and the blacker they are the uglier their faces and the more pointed their teeth…. Dancing and rhythm are instinctive and ingrained in them. Since their utterance is uncouth, they are compensated with song and dance…. They can endure hard work…but there is no pleasure to be got from them, because of the smell of their armpits and the coarseness of their bodies.
Such quotations are barely distinguishable from Thomas Jefferson’s wellknown passages in Notes on the State of Virginia:
They [the blacks] secrete less by the kidneys, and more by the glands of the skin, which gives them a very strong and disagreeable odor…. They seem to require less sleep. A black after hard labor through the day, will be induced by the slightest amusements to sit up till midnight, or later, though knowing he must be out with the first dawn of the morning. They are at least as brave, and more adventuresome. But this may perhaps proceed from a want of forethought, which prevents their seeing a danger till it be present…. They are more ardent after their female; but love seems with them to be more an eager desire, than a tender delicate mixture of sentiment and sensation. Their griefs are transient…. In general, their existence appears to participate more of sensation than reflection. To this must be ascribed their disposition to sleep when abstracted from their diversions, and unemployed in labor…. Comparing them by their faculties of memory, reason, and imagination, it appears to me that in memory they are equal to the whites; in reason much inferior…. In music they are more generally gifted than the whites with accurate ears for tune and time.11
How are we to account for the striking similarity in the racist stereotypes and proslavery arguments that appeared in the medieval Middle East and in eighteenth- and nineteenth-century America? Lewis never explicitly raises this question, but his short book opens the way for more systematic comparisons that may eventually explain the complex connections between enslavement and racial prejudice.
Lewis does offer a number of specific clues and conclusions about the sources of racism that pertain to the Middle East. The initial Arab conquests soon led to prolonged debates and struggles over the equal status of non-Arab converts to Islam, to say nothing of the part-Arab offspring of concubines or non-Arab wives. The resulting sensitivity to ethnic privilege and lineage was heightened by the development of a long-distance slave trade that brought an influx of captives purchased from previously unknown regions in Africa, Asia, and Europe. Whereas Arabs had long been acquainted with Ethiopia, “a country,” Lewis notes, “with a level of moral and material civilization significantly higher than their own,” after the conquests they
encountered fairer-skinned peoples who were more developed and darker-skinned peoples who were less so. No doubt as a result of this they began to equate the two facts.
For whatever reasons, as the Islamic slave populations became more specialized, the Eurasian captives were generally assigned to positions of higher status and privilege while Africans were reduced to the most menial and arduous labor. The Ottoman capture of Constantinople in 1453 gradually diverted the immense flow of slaves from the Crimea, the Balkans, and the steppes of western Asia to Islamic markets. As a result, Christian slave merchants turned increasingly to Moorish captives or to blacks transported across the Sahara to the Mediterranean or purchased by the Portuguese along the coast of West Africa. Later on, the southward expansion of Russia, culminating in the annexation of Crimea in 1783, gradually shut off the supply of white slaves to even the Islamic markets. Except for the small numbers of Europeans taken hostage by corsairs, the Islamic lands also became dependent on the slave merchants of sub-Saharan Africa. As Africa became almost synonymous with slavery, the world forgot the eagerness with which Tatars and other Black Sea peoples had sold millions of Ukrainians, Georgians, Circassians, Armenians, Bulgarians, Slavs, and Turks.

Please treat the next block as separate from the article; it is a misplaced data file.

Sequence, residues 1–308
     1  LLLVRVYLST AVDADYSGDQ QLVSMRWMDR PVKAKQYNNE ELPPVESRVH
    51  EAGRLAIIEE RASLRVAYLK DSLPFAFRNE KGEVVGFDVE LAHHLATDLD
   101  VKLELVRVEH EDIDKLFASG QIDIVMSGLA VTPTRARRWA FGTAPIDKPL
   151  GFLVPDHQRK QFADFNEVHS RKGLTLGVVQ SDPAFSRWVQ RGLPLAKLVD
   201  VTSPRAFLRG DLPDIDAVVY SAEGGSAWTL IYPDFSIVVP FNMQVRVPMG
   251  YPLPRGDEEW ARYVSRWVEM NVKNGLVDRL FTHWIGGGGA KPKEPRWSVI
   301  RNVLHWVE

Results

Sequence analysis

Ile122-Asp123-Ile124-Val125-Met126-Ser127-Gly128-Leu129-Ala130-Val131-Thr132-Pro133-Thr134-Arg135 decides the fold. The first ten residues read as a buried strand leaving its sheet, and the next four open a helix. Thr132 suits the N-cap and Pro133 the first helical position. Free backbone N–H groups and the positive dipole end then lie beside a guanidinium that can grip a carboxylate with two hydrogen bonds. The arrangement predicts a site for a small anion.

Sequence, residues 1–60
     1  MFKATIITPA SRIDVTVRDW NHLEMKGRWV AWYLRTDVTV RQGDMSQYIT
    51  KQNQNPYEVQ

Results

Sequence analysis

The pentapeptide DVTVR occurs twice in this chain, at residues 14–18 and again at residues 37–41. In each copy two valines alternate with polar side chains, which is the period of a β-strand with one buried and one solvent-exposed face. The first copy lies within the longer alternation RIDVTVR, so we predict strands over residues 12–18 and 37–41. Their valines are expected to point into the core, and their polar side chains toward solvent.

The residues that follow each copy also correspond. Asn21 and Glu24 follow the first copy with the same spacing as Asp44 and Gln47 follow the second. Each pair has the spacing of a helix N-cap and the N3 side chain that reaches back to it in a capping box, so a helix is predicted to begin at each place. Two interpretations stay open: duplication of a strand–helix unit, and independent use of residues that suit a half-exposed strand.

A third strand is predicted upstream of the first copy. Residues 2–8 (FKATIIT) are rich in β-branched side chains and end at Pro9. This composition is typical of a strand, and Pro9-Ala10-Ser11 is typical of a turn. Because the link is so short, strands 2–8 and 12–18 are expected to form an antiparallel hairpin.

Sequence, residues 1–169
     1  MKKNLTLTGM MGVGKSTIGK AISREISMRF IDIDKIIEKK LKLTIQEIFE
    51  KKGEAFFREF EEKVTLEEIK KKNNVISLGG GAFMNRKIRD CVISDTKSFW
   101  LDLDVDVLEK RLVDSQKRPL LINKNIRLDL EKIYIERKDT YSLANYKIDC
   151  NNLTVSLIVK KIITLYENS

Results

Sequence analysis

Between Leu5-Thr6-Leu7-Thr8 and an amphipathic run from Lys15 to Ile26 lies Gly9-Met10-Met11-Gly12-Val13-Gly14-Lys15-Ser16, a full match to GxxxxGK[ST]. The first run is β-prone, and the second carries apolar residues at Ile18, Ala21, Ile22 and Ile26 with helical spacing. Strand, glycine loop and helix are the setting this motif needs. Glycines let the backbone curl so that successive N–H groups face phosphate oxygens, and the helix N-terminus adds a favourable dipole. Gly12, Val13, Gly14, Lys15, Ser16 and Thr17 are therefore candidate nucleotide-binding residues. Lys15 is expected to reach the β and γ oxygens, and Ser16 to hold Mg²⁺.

In 1441 Portugal’s Prince Henry the Navigator contemplated a group of black slaves seized on the Mauritanian coast and paraded before him in Lisbon. As the grand master of the Order of Christ, he “reflected with great pleasure upon the salvation of those souls that before were lost.”12 No doubt Henry was unaware that for many centuries slave-buying Muslims had taken comfort in precisely the same thought. Lewis comments on the unquestioned reiteration of “the notion that slavery is a divine boon to mankind, by means of which pagan and barbarous peoples are brought to Islam and civilization.” Yet despite this emphasis on the slave’s own benefit, Lewis concludes that even emancipated blacks were “rarely able to rise above the lowest levels” and that in the Islamic Middle East “the black is almost entirely missing from the positions of wealth, power, and privilege.”
If Lewis tends to omit the crucially important Africanization of Islam as the religion spread westward and south of the Sahara, he describes the pleas and protests of African Muslims, such as the black king of Bornu (now in northern Nigeria), who in the late fourteenth century futilely appealed to the sultan of Egypt to stop the Arab tribesmen who had raided his people, devastated his land, and
carried off free women, children, and infirm men. Some they kept as slaves for their own use; the rest they sold to slave dealers in Egypt, Syria, and elsewhere.